Narissa Subramoney
Copy rewriter
3 minute read
21 Nov 2021
6:38 pm

CIVH Vodacom deal pegged as start of ambitious plans to bring fibre to the poor

Narissa Subramoney

CIVH operates an open-access network, which means the company takes the capital, technological, and environmental risk of laying cables.

Construction site for installing fiber optic cables under the ground beside a street to bring fast internet to all residents, selected focus, narrow depth of field

Vodacom’s recent R13.2 billion deal with telecommunications service provider Vumatel, Dark Fibre Africa and Community Investment Ventures Holdings (CIVH) marks the beginning of an ambitious plan to bridge the great digital divide.

On 10 November, Vodacom announced it would acquire a co-controlling interest, along with Remgro and New GX Capital, in a new entity consisting of assets including Vumatel and Dark Fibre Africa (DFA).

Upon completion, Vodacom will hold a 30% equity interest in a newly formed entity, provisionally called InfraCo.

Community Investment Ventures (CIVH) is the parent company of DFA and Vumatel and holds the remaining 70% of InfraCo.

CIVH CEO Raymond Ndlovu shared with The Citizen his vision of rolling out fibre to South Africa’s most vulnerable groups and areas, free of charge, creating affordable internet access for everyone.

Ndlovu said the Covid-19 pandemic had hastened the country’s digital transition and highlighted the need for increased broadband access during the lockdown.

“The entire world is undergoing a digital revolution, and at the core of that revolution is connectivity or broadband activity,” he added.

Globally, online education institutions opened access to their material during the lockdown, paving the way for democratised access to information.

But, only the connected can access this new portal of information and associated opportunities.

“We will pay for it, and we will build it.”

“The plan is for all people, regardless of their background, locations, education and financial status, to be online and have access to a whole new world of information,” said Ndlovu.

CIVH‘s vision is to move away from core/traditional households towards lower LSM areas like Soweto, Vosloorus and Mitchells Plain, where the groundwork for fibre connections are at an advanced stage.

“We are intent on getting into the townships and smaller, secondary cities and towns.”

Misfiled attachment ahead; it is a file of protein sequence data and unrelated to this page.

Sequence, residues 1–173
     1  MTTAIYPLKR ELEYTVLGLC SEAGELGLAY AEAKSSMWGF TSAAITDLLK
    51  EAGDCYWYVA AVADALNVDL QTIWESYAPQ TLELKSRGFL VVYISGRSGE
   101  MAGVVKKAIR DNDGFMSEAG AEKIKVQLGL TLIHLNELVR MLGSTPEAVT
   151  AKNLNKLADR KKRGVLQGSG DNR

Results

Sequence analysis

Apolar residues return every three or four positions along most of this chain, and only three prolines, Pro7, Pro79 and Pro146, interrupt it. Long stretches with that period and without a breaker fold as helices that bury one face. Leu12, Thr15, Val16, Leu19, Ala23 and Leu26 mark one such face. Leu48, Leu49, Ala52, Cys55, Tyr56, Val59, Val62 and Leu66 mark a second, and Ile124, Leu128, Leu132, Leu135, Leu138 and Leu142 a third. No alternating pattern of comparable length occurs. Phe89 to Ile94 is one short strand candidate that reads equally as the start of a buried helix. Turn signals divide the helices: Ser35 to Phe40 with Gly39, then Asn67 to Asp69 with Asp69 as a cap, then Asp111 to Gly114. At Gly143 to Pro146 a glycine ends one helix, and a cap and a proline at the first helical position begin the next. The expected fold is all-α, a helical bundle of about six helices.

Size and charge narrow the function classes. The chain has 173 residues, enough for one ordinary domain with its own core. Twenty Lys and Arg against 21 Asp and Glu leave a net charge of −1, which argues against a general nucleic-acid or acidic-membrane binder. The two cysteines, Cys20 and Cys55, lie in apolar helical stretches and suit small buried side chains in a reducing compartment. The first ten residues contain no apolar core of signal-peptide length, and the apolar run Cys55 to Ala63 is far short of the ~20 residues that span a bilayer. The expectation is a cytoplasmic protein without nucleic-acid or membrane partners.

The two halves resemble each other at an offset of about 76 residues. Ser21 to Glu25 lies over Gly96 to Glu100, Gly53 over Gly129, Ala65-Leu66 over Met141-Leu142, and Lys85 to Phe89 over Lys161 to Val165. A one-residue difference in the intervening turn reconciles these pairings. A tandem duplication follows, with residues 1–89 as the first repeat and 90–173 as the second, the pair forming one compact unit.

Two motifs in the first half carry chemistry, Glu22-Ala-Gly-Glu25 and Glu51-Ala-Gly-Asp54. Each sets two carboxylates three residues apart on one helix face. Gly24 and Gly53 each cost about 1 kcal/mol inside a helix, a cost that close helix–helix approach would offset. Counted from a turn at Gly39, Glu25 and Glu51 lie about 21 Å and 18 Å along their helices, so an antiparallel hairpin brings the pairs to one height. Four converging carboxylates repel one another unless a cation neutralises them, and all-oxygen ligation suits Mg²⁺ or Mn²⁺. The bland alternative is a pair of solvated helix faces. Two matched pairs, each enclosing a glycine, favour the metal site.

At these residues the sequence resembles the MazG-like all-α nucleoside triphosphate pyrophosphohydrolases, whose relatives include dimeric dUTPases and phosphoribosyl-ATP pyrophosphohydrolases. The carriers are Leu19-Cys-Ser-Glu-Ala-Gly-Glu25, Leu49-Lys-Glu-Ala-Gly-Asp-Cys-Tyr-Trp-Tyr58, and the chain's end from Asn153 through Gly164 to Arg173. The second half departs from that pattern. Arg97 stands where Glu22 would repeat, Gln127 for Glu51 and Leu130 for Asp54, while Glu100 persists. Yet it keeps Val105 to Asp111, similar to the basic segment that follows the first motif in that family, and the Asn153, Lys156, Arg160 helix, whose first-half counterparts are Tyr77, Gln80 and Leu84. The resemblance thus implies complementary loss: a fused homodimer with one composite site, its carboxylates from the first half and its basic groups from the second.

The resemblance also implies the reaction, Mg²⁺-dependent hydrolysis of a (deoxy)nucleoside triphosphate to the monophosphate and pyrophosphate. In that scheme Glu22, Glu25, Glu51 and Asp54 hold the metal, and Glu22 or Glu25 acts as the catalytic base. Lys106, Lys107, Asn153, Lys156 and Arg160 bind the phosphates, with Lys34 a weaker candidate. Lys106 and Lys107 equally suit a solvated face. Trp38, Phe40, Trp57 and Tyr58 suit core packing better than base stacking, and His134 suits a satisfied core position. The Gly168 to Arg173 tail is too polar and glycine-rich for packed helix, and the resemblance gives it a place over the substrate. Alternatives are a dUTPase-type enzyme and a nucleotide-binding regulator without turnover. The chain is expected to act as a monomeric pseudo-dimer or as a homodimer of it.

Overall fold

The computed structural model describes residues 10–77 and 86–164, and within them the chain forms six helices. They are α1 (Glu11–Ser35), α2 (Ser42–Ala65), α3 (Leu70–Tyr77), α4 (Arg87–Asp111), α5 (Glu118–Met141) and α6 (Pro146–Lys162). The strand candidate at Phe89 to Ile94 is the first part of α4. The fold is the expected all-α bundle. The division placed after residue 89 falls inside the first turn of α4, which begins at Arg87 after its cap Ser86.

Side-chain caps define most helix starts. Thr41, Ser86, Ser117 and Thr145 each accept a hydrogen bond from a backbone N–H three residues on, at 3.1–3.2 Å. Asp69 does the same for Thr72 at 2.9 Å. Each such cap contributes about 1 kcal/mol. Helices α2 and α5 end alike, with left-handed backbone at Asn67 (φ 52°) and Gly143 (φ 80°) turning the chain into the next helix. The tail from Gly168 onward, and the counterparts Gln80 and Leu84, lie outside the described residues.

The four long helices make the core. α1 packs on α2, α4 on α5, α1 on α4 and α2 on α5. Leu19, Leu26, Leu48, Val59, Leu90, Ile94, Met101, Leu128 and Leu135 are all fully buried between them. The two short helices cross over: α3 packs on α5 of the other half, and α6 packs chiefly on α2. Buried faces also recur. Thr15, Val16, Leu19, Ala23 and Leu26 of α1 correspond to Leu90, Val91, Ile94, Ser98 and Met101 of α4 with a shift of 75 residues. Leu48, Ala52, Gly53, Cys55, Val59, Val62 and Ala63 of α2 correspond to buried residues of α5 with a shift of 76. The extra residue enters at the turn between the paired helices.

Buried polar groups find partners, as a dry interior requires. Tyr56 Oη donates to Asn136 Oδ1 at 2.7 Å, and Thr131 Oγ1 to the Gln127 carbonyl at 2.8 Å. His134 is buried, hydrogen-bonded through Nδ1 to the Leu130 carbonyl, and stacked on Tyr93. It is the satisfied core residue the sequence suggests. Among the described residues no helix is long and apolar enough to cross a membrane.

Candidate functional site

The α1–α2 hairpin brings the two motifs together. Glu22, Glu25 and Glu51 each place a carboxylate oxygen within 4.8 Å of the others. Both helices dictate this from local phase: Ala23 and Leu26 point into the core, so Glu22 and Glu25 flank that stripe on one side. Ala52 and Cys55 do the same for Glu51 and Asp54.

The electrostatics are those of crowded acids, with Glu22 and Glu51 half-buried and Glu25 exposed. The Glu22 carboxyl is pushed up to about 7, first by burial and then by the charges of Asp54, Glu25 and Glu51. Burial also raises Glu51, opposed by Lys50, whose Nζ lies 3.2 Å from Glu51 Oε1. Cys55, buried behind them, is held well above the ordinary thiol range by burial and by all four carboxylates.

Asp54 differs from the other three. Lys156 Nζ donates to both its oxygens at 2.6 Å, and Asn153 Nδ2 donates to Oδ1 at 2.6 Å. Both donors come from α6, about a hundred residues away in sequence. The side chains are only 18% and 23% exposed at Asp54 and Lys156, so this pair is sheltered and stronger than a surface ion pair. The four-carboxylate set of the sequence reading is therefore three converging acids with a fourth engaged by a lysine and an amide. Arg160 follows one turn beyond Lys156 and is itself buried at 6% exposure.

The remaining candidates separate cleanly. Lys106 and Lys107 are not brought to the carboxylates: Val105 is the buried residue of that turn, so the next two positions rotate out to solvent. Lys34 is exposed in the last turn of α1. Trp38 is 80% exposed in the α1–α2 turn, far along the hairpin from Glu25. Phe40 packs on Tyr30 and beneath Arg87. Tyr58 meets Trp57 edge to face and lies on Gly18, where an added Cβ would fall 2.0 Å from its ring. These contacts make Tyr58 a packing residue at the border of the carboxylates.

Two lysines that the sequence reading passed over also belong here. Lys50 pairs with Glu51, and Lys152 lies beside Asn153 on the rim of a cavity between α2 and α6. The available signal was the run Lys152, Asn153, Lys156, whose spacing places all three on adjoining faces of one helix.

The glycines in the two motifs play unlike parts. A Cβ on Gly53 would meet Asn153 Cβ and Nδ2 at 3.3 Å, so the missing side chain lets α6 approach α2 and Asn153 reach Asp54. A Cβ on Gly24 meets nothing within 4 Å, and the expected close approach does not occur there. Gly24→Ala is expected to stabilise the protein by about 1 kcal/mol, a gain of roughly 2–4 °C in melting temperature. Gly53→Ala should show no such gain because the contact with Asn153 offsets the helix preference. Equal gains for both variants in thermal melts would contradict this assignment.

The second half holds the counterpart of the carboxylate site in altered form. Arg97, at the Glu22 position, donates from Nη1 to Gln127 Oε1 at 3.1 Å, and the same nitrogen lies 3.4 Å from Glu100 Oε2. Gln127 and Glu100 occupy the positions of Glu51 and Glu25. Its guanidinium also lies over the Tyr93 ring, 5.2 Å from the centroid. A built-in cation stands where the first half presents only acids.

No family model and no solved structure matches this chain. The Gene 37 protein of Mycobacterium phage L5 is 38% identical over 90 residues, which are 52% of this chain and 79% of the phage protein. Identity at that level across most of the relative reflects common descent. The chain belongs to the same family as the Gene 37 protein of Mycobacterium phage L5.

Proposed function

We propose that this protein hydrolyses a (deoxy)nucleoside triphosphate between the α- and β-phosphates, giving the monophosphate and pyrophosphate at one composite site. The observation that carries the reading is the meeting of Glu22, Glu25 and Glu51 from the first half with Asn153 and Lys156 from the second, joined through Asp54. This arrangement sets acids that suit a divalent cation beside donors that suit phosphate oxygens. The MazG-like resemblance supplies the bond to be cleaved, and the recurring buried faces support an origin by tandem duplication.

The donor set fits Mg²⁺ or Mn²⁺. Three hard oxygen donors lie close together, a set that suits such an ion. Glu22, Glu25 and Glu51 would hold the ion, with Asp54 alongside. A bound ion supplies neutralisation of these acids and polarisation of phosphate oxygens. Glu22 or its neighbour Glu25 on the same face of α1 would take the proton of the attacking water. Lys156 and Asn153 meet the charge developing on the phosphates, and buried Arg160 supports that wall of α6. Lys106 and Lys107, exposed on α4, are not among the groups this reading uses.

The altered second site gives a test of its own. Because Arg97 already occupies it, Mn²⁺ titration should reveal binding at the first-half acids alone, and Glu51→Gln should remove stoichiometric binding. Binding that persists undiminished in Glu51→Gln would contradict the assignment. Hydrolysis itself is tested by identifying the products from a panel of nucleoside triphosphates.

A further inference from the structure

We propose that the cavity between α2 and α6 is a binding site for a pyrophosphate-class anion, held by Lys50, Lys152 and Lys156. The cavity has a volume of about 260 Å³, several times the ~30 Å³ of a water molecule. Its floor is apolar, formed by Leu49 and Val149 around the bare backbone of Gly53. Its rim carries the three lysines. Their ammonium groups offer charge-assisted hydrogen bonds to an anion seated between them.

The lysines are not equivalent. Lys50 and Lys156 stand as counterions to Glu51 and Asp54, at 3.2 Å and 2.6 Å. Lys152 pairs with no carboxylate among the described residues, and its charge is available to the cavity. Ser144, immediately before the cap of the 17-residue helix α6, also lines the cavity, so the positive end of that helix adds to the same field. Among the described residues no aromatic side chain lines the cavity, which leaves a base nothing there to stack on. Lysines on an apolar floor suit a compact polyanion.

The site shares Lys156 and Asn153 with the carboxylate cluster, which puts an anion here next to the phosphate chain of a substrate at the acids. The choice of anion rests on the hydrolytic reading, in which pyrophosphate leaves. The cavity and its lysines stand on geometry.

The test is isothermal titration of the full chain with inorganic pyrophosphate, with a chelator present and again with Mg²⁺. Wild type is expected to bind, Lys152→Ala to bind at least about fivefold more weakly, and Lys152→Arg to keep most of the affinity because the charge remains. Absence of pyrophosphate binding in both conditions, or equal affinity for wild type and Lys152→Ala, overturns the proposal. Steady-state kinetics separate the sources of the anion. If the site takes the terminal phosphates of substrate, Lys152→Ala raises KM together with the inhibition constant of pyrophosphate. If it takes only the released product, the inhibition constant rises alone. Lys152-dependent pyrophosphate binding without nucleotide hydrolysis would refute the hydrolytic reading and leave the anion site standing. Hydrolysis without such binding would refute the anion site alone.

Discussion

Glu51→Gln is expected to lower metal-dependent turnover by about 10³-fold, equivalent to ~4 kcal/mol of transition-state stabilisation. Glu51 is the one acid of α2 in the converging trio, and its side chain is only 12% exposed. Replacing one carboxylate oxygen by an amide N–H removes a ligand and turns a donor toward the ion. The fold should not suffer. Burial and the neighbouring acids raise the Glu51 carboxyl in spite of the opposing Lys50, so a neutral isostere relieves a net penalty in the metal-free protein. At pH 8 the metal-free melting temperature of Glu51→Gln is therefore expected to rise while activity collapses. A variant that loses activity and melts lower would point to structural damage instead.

CIVH operates an open-access network, which means the company takes the capital, technological, and environmental risk of laying cables.

“We pay for it, and we build it,” said Ndlovu.

“We enable anyone with the means and capability to connect at a fixed transparent charge. Everybody pays the same price,” he explained.

In traditional areas, end users take out contracts with service providers, which is payable every month. But Ndlovu says they will use a prepaid model in the lower LSM areas.

Fibre access in the lower LSM areas will also signal a shift from spectrum/wireless radio band, which uses a specific and more costly radiofrequency.

“This is the reason you hear people complaining about their data getting finished quickly – it’s because the radio wave frequency is much more expensive,” he explained.

Lower criminal risk with fibre technology

While cable theft is debilitating operations at the country’s railways and Eskom, Ndlovu says fibre technology is almost crime proof because it doesn’t use copper, which is highly attractive to criminals.

“Fibre is very difficult to extract; it is laid in thick cables which are well secured and in itself, fibre optic is just glass,” explain Ndlovu.

“It’s worth nothing in the hands of any would-be thieves.”

From Mitchells Plain to Vosloorus

CIVH is one of the first companies to take technology infrastructure to Mitchells Plain, Vosloorus and Soweto. Ndlovu says there’s more interest from competing cable infrastructure companies to get into the rural areas.

“There is what we call overbuild in some places, where another company will come to the same place we are digging trenches. It’s like building two railway lines in one area,” he said.

Ndlovu said CIVH is expanding on the type of infrastructure technology being used for the project. “Let’s just say it’s not only digging trenches,” he hinted.

Ndlovu was tight-lipped about revealing too much about the newer technologies but promised more details in the future.

NOW READ: Soweto to become first SA township to get fibre